CBs can steer citizens towards CBDC adoption by reducing the costs of CBDC transactions relative to alternative payment options. CBs could achieve this by passing on subsidies to users of CBDC or passing on fees/obstacles to users of traditional paper-based payment methods (cash and checks). A 2013 report by Tuft University showed that the cost of cash to households, businesses, and government in the US was estimated at US$200 billion combined . This included costs associated with creation, transportation, handling, storage, thefts, and foregone tax revenues. Meanwhile, a study published by Moody’s Analytics in 2016 showed that from 2011 through 2015, the growth of electronic payments (specifically card payments) contributed a cumulative US$296 billion in global real GDP over the five-year period for the 70 economies included in the study . These results indicate that there are significant financial implications for perpetuating high paper-based payments usage in an economy. Simultaneously, there are also appreciable growth advantages for markets that promote digital payments growth.
Considering the economic impact data, judicious policymakers will find strong justification in taking obstructive measures to curtail cash and check usage. These measures could include steps such as raising fees charged for processing checks, permitting cash refusal at retail stores, and reducing the number of ATMs available. These policies can be coupled with enabling measures such as providing tax credits for consumer spending performed with CBDC, offering free real-time CBDC P2P transfers, and granting subsidies for merchants that offer loyalty rewards points to customers paying with CBDC. Together these actions can effectively render CBDC a cheaper means of payment than cash or check, thereby encouraging CBDC adoption.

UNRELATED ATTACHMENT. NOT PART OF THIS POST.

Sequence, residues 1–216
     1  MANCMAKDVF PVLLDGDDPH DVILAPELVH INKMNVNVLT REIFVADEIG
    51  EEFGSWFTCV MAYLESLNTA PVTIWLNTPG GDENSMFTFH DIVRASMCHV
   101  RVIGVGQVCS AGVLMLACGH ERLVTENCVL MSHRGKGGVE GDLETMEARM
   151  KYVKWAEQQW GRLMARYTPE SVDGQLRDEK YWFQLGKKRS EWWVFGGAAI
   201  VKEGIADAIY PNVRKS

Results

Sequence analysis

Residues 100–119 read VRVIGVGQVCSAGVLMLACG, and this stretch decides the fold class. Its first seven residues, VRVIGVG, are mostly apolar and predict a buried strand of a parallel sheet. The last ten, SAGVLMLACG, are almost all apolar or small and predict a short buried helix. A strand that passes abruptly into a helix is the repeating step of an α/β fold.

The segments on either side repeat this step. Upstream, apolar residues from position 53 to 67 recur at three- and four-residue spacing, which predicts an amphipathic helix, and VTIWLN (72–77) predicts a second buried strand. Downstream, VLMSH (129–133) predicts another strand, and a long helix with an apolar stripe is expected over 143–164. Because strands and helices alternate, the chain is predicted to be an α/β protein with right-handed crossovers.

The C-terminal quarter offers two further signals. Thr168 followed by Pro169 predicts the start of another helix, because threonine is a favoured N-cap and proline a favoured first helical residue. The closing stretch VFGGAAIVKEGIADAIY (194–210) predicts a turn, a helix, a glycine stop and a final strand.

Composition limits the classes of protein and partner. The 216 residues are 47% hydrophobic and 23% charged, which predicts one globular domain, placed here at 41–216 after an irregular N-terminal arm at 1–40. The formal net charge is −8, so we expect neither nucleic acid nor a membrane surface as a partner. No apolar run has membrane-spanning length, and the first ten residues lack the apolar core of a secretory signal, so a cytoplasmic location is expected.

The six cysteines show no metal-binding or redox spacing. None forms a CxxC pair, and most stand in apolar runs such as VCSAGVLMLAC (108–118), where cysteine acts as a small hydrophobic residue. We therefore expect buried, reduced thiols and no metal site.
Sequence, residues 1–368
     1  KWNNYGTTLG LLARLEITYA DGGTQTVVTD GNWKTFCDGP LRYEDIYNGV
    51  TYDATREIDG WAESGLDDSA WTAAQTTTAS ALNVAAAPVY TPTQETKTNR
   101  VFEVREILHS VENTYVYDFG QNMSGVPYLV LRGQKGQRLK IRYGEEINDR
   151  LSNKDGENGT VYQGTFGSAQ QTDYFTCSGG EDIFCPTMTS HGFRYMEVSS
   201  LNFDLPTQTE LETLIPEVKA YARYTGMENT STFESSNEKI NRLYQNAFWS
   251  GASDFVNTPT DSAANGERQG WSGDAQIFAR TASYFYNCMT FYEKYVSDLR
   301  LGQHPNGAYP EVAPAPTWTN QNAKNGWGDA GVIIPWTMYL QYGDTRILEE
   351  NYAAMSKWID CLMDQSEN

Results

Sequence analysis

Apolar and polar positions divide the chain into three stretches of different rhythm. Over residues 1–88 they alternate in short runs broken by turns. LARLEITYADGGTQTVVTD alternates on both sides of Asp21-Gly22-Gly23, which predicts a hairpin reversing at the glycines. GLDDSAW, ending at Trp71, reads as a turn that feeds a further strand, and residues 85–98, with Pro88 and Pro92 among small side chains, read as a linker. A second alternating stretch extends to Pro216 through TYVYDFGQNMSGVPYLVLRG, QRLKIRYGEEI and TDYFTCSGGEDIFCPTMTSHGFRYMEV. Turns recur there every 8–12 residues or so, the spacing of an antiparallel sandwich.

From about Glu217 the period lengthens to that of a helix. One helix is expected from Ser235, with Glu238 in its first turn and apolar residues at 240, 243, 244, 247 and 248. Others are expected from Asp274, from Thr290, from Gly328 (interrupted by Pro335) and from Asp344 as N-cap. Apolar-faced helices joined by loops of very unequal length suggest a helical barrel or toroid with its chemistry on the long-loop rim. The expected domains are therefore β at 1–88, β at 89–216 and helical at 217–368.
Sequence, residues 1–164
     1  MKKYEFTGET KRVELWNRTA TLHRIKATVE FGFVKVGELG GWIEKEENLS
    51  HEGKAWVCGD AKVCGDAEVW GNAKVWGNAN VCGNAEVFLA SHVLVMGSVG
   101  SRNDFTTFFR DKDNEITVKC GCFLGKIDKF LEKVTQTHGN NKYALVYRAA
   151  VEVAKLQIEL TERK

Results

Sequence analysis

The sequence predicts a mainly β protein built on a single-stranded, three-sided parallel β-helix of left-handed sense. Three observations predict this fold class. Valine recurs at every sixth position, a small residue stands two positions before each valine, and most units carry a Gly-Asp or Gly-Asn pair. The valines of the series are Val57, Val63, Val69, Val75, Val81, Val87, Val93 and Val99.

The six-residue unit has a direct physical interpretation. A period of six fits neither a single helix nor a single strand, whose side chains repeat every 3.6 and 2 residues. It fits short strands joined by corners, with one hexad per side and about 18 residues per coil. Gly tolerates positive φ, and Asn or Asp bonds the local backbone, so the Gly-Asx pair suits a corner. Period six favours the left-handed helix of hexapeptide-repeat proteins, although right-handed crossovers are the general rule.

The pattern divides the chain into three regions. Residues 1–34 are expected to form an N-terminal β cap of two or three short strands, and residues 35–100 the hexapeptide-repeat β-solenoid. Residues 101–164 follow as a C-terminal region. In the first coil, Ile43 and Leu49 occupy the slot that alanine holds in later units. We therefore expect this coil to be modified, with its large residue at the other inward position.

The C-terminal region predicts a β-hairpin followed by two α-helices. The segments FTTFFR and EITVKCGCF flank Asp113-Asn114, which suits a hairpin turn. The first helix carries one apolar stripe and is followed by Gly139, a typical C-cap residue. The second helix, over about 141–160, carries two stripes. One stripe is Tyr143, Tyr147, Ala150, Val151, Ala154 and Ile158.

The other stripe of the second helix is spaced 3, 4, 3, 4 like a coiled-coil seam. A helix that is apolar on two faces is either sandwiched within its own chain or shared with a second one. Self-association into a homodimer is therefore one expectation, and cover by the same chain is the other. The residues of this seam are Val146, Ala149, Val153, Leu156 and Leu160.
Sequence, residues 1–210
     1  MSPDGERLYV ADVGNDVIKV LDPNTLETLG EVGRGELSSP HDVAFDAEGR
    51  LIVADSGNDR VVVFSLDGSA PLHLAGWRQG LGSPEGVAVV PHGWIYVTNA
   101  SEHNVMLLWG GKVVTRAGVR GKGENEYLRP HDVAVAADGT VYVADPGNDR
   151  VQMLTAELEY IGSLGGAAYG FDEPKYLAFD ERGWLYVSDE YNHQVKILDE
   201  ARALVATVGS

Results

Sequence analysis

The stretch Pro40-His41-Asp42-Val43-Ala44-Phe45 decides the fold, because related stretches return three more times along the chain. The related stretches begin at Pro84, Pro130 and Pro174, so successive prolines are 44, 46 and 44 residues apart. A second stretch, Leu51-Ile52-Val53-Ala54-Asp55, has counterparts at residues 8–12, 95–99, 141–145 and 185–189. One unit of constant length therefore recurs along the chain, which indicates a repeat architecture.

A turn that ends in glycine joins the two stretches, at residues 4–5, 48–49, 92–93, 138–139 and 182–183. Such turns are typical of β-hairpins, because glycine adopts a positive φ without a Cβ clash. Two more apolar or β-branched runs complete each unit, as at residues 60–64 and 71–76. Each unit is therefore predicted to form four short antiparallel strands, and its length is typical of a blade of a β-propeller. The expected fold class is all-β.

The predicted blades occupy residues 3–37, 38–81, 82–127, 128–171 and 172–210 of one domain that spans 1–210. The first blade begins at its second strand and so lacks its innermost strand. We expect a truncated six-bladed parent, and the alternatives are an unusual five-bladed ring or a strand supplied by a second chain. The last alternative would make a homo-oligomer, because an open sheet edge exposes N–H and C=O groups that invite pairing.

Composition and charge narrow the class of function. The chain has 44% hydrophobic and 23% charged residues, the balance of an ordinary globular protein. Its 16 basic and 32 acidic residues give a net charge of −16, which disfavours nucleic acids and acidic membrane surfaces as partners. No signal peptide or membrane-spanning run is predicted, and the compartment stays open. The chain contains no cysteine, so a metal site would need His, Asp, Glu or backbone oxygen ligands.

The multitude of CBDC endeavors around the globe is a testament to the technology’s promise. To realize this promise, leaders will need to design CBDCs with all stakeholders in mind and deploy the technology in a strategic way so as to maximize adoption and societal benefit. As time goes by and competing digital payments evolve and improve to meet changing demands, CBs must remain proactive in maintaining and upgrading associated CBDC technologies and legislation to sustain CBDC’s relevance and utility.
About the Author: Cizmic is a multinational technology consulting firm and advisor to CBs, telecommunications firms, and financial institutions around the world. We remain on the frontier of the digital currency revolution and are actively involved in shaping the CBDC landscape in the Caribbean.